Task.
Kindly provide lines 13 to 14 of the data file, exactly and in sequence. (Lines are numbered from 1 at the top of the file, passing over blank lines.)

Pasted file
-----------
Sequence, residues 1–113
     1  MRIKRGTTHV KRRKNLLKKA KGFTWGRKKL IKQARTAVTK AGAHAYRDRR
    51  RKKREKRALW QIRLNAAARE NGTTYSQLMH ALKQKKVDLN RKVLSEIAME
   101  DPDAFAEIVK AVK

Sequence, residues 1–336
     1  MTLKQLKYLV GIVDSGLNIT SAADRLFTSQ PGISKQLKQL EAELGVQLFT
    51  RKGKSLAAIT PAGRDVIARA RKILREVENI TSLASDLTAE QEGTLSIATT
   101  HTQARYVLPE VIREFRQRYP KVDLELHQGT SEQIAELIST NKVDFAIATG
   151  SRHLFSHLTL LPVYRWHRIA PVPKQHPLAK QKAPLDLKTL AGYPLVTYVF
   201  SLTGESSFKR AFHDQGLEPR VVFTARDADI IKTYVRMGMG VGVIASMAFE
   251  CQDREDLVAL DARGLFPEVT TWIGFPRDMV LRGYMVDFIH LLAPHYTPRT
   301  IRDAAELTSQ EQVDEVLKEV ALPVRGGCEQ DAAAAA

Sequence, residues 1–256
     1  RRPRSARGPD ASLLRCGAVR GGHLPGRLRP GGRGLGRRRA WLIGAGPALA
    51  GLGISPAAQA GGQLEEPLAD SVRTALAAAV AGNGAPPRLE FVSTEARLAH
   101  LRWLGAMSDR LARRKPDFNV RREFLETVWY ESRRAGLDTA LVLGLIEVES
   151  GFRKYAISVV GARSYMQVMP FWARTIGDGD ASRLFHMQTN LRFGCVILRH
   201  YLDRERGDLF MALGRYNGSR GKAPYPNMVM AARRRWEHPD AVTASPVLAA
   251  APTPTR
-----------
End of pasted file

Sequence, residues 1–256
     1  RRPRSARGPD ASLLRCGAVR GGHLPGRLRP GGRGLGRRRA WLIGAGPALA